Huh? What does this mean? Simply put, when I type in http://www.cnn.com on my browser, that name’s IP# is looked up first by my browser asking the nameserver 192.168.0.1 which is the FonSpot will then return to my browser that it should go ask 188.8.131.52 for an answer. If 184.108.40.206 does not know, hopefully 220.127.116.11 will give an IP # to my browser to ask next. Eventually, when an IP # is found, my browser will use that IP # and send a connection request to that site. All of this happens in milliseconds and when it all works, it looks like magic.
What if you don’t get to the site? What if the entry in the /etc/resolv.conf file pointed to some IP # that was a malicious entity that wanted to “hijack” your web surfing? There is a legitimate reason for this. For example, when you connect to a public wifi access point (like Wireless@SG for example), you will initially get a DNS nameserver entry that belongs to the wifi access provider. Once you successfully logged into that access point, then your DNS lookup will be properly directed. This technique is called “captive portal”. My FonSpot is a captive portal btw.
It appears that the DNSChanger malware had set up a bunch of IP# to redirect maliciously all access to the Internet. If your /etc/resolv.conf file has nameserver entries that contain numbers in the following range:
18.104.22.168 to 22.214.171.124
126.96.36.199 to 188.8.131.52
184.108.40.206 to 220.127.116.11
18.104.22.168 to 22.214.171.124
126.96.36.199 to 188.8.131.52
184.108.40.206 to 220.127.116.11
you are vulnerable.
Here’s a test I did with the 1st of those IP#s on my fedora machine:
[harish@vostro ~]$ dig @18.104.22.168 www.google.com ; <<>> DiG 9.9.1-P1-RedHat-9.9.1-2.P1.fc17 <<>> @22.214.171.124 www.google.com ; (1 server found) ;; global options: +cmd ;; Got answer: ;; ->>HEADER<<- opcode: QUERY, status: NOERROR, id: 34883 ;; flags: qr rd ra; QUERY: 1, ANSWER: 3, AUTHORITY: 4, ADDITIONAL: 5 ;; OPT PSEUDOSECTION: ; EDNS: version: 0, flags:; udp: 4096 ;; QUESTION SECTION: ;www.google.com. IN A ;; ANSWER SECTION: www.google.com. 464951 IN CNAME www.l.google.com. www.l.google.com. 241 IN CNAME www-infected.l.google.com. www-infected.l.google.com. 252 IN A 126.96.36.199 ;; AUTHORITY SECTION: google.com. 32951 IN NS ns2.google.com. google.com. 32951 IN NS ns4.google.com. google.com. 32951 IN NS ns3.google.com. google.com. 32951 IN NS ns1.google.com. ;; ADDITIONAL SECTION: ns1.google.com. 33061 IN A 188.8.131.52 ns2.google.com. 33061 IN A 184.108.40.206 ns3.google.com. 317943 IN A 220.127.116.11 ns4.google.com. 33297 IN A 18.104.22.168 ;; Query time: 305 msec ;; SERVER: 22.214.171.124#53(126.96.36.199) ;; WHEN: Sun Jul 8 21:40:07 2012 ;; MSG SIZE rcvd: 242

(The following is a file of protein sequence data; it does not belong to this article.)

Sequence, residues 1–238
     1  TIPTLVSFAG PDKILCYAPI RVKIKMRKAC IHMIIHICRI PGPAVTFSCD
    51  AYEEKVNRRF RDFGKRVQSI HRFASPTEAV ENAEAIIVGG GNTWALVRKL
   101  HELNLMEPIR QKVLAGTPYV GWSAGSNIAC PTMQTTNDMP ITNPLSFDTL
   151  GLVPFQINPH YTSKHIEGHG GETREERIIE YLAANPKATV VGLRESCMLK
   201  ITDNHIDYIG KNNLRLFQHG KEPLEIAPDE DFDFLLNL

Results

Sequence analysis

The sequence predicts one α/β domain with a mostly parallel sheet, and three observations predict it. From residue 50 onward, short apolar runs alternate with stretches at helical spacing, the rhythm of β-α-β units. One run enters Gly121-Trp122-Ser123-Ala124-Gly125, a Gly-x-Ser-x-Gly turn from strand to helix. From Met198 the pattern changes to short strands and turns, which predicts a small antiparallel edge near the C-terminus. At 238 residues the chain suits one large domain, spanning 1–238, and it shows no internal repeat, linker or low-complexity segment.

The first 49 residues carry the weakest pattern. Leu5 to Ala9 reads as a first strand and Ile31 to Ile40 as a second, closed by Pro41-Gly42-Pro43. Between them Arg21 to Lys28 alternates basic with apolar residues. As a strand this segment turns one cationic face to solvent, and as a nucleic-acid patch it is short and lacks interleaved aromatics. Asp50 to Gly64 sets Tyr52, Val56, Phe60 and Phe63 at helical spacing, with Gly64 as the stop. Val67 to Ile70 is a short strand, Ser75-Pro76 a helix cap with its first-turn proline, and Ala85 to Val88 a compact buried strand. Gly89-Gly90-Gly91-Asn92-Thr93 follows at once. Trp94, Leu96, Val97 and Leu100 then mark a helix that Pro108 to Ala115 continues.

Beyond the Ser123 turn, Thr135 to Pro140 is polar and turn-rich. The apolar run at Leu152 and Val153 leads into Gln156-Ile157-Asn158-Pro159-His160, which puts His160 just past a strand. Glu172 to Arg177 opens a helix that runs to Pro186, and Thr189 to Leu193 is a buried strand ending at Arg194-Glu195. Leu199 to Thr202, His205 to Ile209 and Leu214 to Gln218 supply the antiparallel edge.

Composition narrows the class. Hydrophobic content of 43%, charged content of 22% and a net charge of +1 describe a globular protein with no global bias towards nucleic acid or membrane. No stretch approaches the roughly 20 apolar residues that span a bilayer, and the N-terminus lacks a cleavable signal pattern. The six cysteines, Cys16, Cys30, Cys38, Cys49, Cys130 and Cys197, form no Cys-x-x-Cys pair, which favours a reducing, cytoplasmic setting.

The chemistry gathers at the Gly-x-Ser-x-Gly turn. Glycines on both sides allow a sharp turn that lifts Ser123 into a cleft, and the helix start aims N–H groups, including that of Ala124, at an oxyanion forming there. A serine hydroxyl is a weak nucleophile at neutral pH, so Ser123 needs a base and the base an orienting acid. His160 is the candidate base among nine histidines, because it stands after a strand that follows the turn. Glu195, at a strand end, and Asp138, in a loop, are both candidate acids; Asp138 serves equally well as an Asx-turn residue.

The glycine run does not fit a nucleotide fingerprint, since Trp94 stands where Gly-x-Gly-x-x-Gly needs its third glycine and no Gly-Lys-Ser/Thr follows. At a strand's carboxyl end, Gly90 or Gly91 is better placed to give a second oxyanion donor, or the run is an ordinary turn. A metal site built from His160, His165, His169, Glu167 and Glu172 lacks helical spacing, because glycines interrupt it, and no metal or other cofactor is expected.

Some explanation of what the is shown above. “dig” is a command “domain internet groper” that allows me, from the command line, to see what a domain’s IP address is. With the extra stuff “@188.8.131.52”, I am telling the dig command to use 184.108.40.206 as my domain name server and get the IP for the domain http://www.google.com. Currently 220.127.116.11 is being run as a “clean” DNS server by the those who’ve been asked to by the FBI.
Hence, what will happen on July 9th 2012 is that the request by FBI to give a reply when 18.104.22.168 is used, will expire. Therefore the command I executed above on July 8th 2012 will not return a valid IP number from July 9th 2012. While the Internet will work, there would be people whose systems have been compromised to point to the bad-but-made-to-work-OK DNS servers, will find that they can’t seem to get to any site easily by using domain names. If they instead used IP#s, they can get to the site with no issue.
A quick way to check if your system needs fixing is to go to http://www.dns-ok.us/ NOW to check. If it is OK, ie your system’s /etc/resolv.conf is not affected (or the equivalent for those still running Windows).
See the announcement from Singapore’s CERT on this issue.